From a functional perspective our health is the product of the interaction between our genes (genetic predisposition for particular responses) and our environment (biochemically, what we eat or drink or breathe). If we accept, as I do, the concept that we are designed to be healthy and self repairing, then we must recognize that our bodies are constantly working to restore optimal health regardless of the degree of imbalance we may be experiencing. Optimal health requires optimal biochemical function; less than optimal biochemical function always results in impairment in health. We can view infertility as an expression of relative imbalance in our biochemical energy processes- simply put, if the prospective mother’s health is inadequate to allow mother and baby to successfully complete a pregnancy then her body will conspire against her desire. Biochemically we are programmed for survival, and carrying a baby to term requires far more resources than any other time in a woman’s life.
For sperm and egg to meet, for a fertilized egg to safely implant in the endometrial lining of the uterus, and for the developing fetus to survive the complete gestational process requires complex orchestration of functional systems. The pituitary gland must release follicle stimulating hormone and luteinizing hormone in the proper amounts at the proper time, ovarian follicles must mature adequately and release the egg at the appropriate time in the cycle, the corpus luteum must produce enough progesterone to stimulate differentiation in proliferative endometrial cells to allow implantation, the fallopian tubes must allow unrestricted descent of the egg to the uterus, changes in cervical mucous must be properly timed to facilitate passage of sperm rather than restricting access…and that’s just the first few hours. We still must maintain adequate nutritional and immune status for the developing baby to safely grow to term.
There are specific issues that may impair this process (examples: low body fat percentage inhibits ovulation, gluten intolerance may result in infertility) but the overall process is regulated by the interplay of endocrine hormones. Ovarian hormones (estrogens, progesterone, testosterone), insulin and glucagons, adrenal hormones (cortisol, DHEA, pregnenolone), and thyroid hormones all serve to interregulate each other and each exerts control over functional systems necessary for fertility. Common areas of imbalance include impaired estrogen metabolism, impaired progesterone production, excessive insulin levels, excessive or inadequate cortisol production, disregulation of thyroid hormone conversion, and impaired thyroid hormone receptor response, as well as the relative nutritional deficits that lead to these endocrine imbalances. The scope of this article prevents greater depth of discussion of the mechanisms involved, but supporting normal biochemical processes usually allows the body to restore normal balance and regulation.
To allow the body to begin the restoration process we must start with dietary choices that support biochemical balance rather than those that lead to disruption of health. We require adequate quality protein, high levels of omega-3 monounsaturated fatty acids, appropriate carbohydrate sources, calcium and magnesium in balance, trace minerals, and vitamins and other micronutrients in optimum levels. The lifestyle diet that best addresses our health restoration needs includes lean meats, poultry, fish, and eggs, non-starchy vegetables in as broad a variety as possible, a variety of whole fruits, and raw tree nuts. Fresh or frozen, free range and organic if possible, these food choices maximize our nutritional needs and help restore endocrine balance. We should work equally hard to eliminate or at least minimize foods that challenge health management. These foods to avoid include dairy products, cereal grains, grain products such as breads, other starches, and all processed foods and sugars. A good discussion and explanation of this model is found in the book The Paleo Diet by Loren Cordain, PhD.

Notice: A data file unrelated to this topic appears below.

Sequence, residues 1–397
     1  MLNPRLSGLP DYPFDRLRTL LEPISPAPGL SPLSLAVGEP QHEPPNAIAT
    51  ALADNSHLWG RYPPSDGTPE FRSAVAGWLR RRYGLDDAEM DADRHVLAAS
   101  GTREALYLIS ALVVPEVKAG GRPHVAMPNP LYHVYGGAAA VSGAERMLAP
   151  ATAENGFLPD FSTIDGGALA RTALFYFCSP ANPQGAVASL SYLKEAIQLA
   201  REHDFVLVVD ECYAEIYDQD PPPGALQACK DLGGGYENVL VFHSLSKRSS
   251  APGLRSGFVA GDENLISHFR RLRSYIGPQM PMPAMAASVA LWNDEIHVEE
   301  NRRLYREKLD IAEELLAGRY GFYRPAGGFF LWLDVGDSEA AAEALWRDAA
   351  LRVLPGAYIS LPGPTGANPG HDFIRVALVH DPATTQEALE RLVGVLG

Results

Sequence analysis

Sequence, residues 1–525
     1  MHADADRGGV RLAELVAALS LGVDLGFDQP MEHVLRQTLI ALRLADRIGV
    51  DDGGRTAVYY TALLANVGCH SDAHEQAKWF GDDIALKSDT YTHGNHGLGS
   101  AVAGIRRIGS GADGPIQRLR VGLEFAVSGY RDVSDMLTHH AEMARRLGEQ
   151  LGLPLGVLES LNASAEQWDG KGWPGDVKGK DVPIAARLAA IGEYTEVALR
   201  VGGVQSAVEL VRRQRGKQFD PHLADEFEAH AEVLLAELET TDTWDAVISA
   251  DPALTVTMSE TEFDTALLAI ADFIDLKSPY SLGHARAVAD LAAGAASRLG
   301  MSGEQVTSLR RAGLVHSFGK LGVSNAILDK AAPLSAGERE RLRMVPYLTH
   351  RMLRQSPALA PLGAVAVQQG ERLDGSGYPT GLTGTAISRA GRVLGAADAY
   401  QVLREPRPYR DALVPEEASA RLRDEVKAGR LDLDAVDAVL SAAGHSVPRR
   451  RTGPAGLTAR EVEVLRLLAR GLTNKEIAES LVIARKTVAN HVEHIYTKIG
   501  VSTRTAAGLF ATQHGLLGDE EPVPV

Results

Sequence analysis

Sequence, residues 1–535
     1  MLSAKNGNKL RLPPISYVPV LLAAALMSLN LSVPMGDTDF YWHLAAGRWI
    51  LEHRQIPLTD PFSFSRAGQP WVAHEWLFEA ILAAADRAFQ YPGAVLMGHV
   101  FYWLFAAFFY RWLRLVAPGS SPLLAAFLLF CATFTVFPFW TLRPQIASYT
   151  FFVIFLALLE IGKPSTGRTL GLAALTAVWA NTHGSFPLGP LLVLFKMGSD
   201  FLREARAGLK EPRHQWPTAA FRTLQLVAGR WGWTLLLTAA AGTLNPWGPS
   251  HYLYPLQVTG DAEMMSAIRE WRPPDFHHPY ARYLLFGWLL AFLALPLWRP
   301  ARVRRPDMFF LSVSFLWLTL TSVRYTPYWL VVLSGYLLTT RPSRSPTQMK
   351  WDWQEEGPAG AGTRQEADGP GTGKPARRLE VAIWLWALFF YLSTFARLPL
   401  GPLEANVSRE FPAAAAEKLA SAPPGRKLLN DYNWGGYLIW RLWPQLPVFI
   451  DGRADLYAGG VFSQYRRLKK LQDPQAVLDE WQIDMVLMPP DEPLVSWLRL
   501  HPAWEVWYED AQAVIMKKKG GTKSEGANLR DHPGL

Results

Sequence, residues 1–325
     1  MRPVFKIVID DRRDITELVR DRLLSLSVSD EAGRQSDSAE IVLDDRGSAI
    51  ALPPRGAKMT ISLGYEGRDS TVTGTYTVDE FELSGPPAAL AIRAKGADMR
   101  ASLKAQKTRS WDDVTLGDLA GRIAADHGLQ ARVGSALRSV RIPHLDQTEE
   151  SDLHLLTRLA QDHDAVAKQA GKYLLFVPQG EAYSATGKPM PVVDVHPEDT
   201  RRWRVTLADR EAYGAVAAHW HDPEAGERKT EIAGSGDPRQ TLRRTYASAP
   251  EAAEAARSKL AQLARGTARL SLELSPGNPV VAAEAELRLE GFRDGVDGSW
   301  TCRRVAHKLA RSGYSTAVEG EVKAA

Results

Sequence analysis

In addition to dietary changes, intervention with nutritional agents may be used to reduce excessive insulin response, balance estrogens and progesterone, strengthen adrenal capacity, inhibit excessive cortisol release, and improve thyroid hormone utilization. This intervention might include a therapeutic multivitamin or B-complex, vitamin C, vitamin E, a balanced calcium/magnesium product, a refined cod liver oil or other fish oil, chromium, iodine, selenium, and zinc. Homeopathic complexes designed to regulate menstrual cycles may be useful and certain herbals or plant extracts are sometimes beneficial. Many women find transdermal micronized progesterone to be beneficial in restoring normal cycles when used in appropriate doses and appropriate cycle timing. Regimens for nutritional intervention should be chosen for each individual separately; biochemical individuality dictates that we must balance for specific needs.
Nature knows what she is doing. It can be very difficult to force the body to accomplish something beyond its functional capacity, but limits to our capacity can often be changed. Try improving your diet, get routine moderate exercise and plenty of rest, work with a knowledgeable professional to design an appropriate regimen for intervention, and relax. Medical intervention techniques for infertility can be extremely expensive, may be painful or otherwise distressing, and are often unsuccessful. If we work to prepare the body to support a possible pregnancy, we may just find those intervention techniques to be unnecessary as well…